Gwinnett County DUI Accident Attorney Shane Smith Gives Tips on Helping Elderly Georgia Residents Cope Effectively with a DUI Accident Death

Similar to adults and children, elderly residents of Georgia react different individually and as a demographic. Depending on an elderly person’s pre-existing medical, emotional and social network, a Sugar Hill DUI death may exacerbate or bring about a new symptom that compounds their medical conditions. For example, an elderly person, according to the National Institutes for Health, while elderly people are less prone to depression than their younger counterparts, they can be more guarded. Therefore, since Georgia’s elderly population deserves respect and must be better understood to help them better cope with a loss of loved one from a Gwinnett County DUI death.

Sugar Hill DUI accident attorney Shane Smith gives family members of elderly Georgia residents who have experienced a loss of a loved one some tips to help ease their elderly parents loss:

Let them talk. Let your elderly parent or grandparent talk about their loss, how they feel, how it has impacted them. By simply offering them a person to talk to, it can mean a world of difference. Elderly people have a much harder time dealing with a loss because the deceased person has been a part of your family member’s life.

Look out for subtle signs. Depending on how your elderly relative is coping with the Gwinnett County DUI death, they may not show their grief, sadness and inability to deal with the loss. By watching how your loved one acts, performs day to day functions, you will have a better indication of how they are working through their loss.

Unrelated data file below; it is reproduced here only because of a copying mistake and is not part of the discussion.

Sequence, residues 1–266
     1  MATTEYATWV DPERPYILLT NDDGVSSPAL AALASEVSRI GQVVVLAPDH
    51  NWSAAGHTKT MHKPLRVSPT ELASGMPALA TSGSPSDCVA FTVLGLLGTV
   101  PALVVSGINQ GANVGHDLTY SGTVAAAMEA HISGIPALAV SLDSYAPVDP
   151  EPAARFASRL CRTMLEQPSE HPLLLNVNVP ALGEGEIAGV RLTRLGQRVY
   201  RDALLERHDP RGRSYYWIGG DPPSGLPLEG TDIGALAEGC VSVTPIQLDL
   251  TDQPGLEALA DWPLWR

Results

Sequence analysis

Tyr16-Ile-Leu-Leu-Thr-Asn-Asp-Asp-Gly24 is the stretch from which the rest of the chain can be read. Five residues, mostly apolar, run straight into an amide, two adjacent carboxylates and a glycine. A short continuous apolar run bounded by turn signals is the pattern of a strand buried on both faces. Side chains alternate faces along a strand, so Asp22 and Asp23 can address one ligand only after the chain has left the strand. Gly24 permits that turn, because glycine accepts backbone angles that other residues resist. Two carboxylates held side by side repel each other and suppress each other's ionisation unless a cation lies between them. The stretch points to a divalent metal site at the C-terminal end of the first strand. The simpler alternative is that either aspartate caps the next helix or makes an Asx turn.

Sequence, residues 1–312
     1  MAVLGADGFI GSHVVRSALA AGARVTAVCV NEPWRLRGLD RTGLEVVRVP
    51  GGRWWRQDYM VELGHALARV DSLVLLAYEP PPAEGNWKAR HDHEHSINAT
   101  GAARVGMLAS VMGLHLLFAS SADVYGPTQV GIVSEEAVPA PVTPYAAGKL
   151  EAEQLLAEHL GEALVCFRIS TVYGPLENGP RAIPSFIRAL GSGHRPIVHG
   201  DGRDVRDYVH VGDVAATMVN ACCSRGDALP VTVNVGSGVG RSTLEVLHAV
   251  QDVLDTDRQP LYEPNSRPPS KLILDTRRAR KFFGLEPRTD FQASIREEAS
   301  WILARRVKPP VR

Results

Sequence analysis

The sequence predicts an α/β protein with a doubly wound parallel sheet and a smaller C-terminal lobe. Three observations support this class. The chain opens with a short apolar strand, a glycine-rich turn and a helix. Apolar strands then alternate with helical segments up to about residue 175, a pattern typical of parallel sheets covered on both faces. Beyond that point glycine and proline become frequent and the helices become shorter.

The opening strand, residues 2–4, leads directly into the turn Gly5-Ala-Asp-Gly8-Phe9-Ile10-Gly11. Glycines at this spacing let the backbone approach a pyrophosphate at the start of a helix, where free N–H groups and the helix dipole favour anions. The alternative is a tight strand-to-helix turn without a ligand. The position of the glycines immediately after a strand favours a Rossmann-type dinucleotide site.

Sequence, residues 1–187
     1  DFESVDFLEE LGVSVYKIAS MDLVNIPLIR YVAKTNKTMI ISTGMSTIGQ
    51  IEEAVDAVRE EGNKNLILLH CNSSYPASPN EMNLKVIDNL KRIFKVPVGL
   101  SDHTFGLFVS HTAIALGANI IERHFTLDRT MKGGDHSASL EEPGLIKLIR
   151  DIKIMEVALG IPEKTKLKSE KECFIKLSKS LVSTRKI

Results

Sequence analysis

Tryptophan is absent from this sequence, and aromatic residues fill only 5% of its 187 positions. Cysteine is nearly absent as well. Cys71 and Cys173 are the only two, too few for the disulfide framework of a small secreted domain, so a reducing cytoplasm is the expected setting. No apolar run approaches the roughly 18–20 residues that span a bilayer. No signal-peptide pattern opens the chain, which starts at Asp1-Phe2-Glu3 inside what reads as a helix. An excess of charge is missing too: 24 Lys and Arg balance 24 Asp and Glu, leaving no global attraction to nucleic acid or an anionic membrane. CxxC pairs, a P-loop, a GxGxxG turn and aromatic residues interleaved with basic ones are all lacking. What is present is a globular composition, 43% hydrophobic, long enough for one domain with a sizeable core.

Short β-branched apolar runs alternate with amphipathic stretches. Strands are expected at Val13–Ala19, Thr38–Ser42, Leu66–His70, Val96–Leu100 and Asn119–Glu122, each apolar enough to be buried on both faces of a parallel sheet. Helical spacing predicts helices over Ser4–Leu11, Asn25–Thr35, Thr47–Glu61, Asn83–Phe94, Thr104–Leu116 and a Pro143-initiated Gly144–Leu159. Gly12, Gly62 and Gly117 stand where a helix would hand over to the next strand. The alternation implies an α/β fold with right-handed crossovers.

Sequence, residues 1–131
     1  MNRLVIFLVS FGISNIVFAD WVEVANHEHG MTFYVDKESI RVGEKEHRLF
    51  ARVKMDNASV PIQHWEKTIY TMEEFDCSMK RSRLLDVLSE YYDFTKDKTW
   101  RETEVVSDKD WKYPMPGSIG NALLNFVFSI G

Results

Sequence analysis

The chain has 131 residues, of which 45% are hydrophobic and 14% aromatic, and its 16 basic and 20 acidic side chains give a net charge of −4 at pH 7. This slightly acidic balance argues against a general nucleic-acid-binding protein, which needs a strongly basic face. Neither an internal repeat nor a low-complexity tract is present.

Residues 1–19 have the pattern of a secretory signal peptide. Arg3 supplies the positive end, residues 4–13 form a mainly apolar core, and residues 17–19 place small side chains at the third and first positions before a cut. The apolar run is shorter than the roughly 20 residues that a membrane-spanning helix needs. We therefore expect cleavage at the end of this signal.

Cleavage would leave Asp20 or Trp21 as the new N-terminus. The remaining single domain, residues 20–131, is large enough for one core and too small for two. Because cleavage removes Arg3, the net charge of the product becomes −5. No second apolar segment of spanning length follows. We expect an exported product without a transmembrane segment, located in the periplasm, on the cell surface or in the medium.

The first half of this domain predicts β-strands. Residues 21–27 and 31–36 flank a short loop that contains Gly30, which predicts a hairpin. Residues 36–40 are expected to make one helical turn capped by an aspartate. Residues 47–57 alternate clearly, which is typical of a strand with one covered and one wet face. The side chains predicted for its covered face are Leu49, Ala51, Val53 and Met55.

If your family has suffered a loss of a loved on through the negligence or recklessness of an at-fault party through a fatal Gwinnett County personal injury claim, the Law Offices of Shane Smith will be able to help you look into pursuing the information regarding your Sugar Hill DUI death. Your Georgia DUI accident attorney, during your free legal consultation, will inform you of all of your legal rights and explain to you what your options are. Other recommendations to help your loved one deal with a loss include:

Enable your parents and grandparents to maintain their independence. If your surviving parent or grandparent can still perform their daily tasks, attend their job and go to social functions, let them. The more control over their life they have, the more they are able to work through their loss and get their life back together. Even the smallest tasks they can independently take care of, it means a world of difference.                          

If possible, be a part of your elderly parent’s medical care – physical and mental health wellness. As long as your elderly family member enables you to participate in wellness check-ups, you can help your family member’s health care provider deliver effective care to help treat depression and other mental and physical health conditions attributable to the loss of a loved one.

Shane Smith
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